Cisco, Polycom Offer Tips on Conducting Effective Video Conferences
Provide an Agenda
Give participants specific start and stop times for the meeting, and if you are going to share content during the meeting, be sure to email a backup of the content to participants before the meeting begins.
Look for an Uncluttered Background
Keep a clean and uncluttered background, says Kelly FitzGerald, technical marketing engineer for Cisco's Collaboration Group. A busy background can be a distraction that looks messy and unprofessional.
Check the Room Lighting
Check the lighting in the room to make sure it won't be an issue for others who are on the video conference. For example, direct light coming through windows in your room can hinder the experience of participants in other sites. If it's a problem, either adjust the system or close the window blinds.
Eliminate Background Noise
A noisy environment can make it hard to hear or be heard. If the noise can't be eliminated, make judicious use of the system's mute button, or use a handset or headset. If you do use a headset or handset, make sure not to yell into them.
Speak in a Normal Tone
Even if background noise isn't a problem, use a normal tone and volume when speaking. People are going to hear you; there's no reason to shout.
Check the Endpoint Position
Whatever endpoint you're using for the video conference, make sure it's in a comfortable position for you.
Adjust the Camera Position
You want to make sure that other participants have a good view of you. If your system has one, use the self-view feature to ensure that you are squarely in the center of the screen and people aren't seeing just the top of your head.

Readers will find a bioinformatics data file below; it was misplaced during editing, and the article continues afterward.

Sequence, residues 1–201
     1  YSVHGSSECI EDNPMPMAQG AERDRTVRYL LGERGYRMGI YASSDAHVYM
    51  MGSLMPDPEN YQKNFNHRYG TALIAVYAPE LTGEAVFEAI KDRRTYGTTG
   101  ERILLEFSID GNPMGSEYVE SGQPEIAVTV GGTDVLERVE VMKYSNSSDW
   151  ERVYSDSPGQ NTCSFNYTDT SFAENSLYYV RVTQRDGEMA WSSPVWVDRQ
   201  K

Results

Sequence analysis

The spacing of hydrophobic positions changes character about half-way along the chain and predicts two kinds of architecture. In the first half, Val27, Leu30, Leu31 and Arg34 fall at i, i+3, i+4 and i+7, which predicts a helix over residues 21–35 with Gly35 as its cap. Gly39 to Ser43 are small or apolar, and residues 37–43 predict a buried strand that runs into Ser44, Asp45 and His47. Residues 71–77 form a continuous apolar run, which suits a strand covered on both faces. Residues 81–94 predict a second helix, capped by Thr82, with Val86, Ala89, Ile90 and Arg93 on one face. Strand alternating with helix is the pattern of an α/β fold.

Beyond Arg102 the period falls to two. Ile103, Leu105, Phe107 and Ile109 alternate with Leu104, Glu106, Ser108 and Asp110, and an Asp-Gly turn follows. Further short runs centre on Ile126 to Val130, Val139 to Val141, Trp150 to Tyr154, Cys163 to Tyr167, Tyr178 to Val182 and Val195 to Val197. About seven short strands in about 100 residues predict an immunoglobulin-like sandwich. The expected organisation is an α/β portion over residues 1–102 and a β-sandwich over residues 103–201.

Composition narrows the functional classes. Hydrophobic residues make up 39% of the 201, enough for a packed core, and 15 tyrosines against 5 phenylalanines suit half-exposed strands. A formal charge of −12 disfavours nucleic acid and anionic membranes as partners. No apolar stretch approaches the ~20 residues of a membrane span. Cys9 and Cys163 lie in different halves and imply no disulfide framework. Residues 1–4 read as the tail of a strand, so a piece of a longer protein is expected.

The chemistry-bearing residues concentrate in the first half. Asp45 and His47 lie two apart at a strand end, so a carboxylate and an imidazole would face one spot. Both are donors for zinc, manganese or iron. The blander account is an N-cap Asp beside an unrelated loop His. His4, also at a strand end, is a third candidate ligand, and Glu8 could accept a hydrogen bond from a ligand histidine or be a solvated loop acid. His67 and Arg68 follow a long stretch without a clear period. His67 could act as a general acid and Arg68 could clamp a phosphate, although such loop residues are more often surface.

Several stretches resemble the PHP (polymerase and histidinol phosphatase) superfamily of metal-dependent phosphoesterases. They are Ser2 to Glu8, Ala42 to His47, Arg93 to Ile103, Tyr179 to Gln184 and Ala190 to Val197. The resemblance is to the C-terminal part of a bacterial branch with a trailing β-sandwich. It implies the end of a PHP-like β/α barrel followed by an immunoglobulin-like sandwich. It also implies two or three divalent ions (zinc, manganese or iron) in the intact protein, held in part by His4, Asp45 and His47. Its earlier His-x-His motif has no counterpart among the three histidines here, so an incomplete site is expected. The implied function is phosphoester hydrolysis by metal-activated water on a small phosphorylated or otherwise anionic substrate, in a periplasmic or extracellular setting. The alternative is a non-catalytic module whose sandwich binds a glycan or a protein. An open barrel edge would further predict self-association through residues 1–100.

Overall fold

Start With Introductions
Unless everyone participating in the video conference knows everyone else, Polycom officials suggest that you introduce yourself and everyone else at your site and encourage participants at other sites to do the same.
Make Eye Contact
Try to make eye contact with participants at other sites. If you continue looking at the monitor to see those at other sites rather than directly at the camera, it appears that you are avoiding eye contact.
Limit Side Conversations
You'll want to limit these, according to Polycom officials. Like side conversations in onsite meetings when everyone is in the same room, they can be distracting.
Avoid Nervous Gestures
Playing with your hair and clothing or using excessive hand gestures also can be distracting to other participants.
Mind the Microphones
The microphones for some endpoints and conference systems can be fairly sensitive. So avoid tapping pens or rustling near the microphones. Other participants will hear the noise.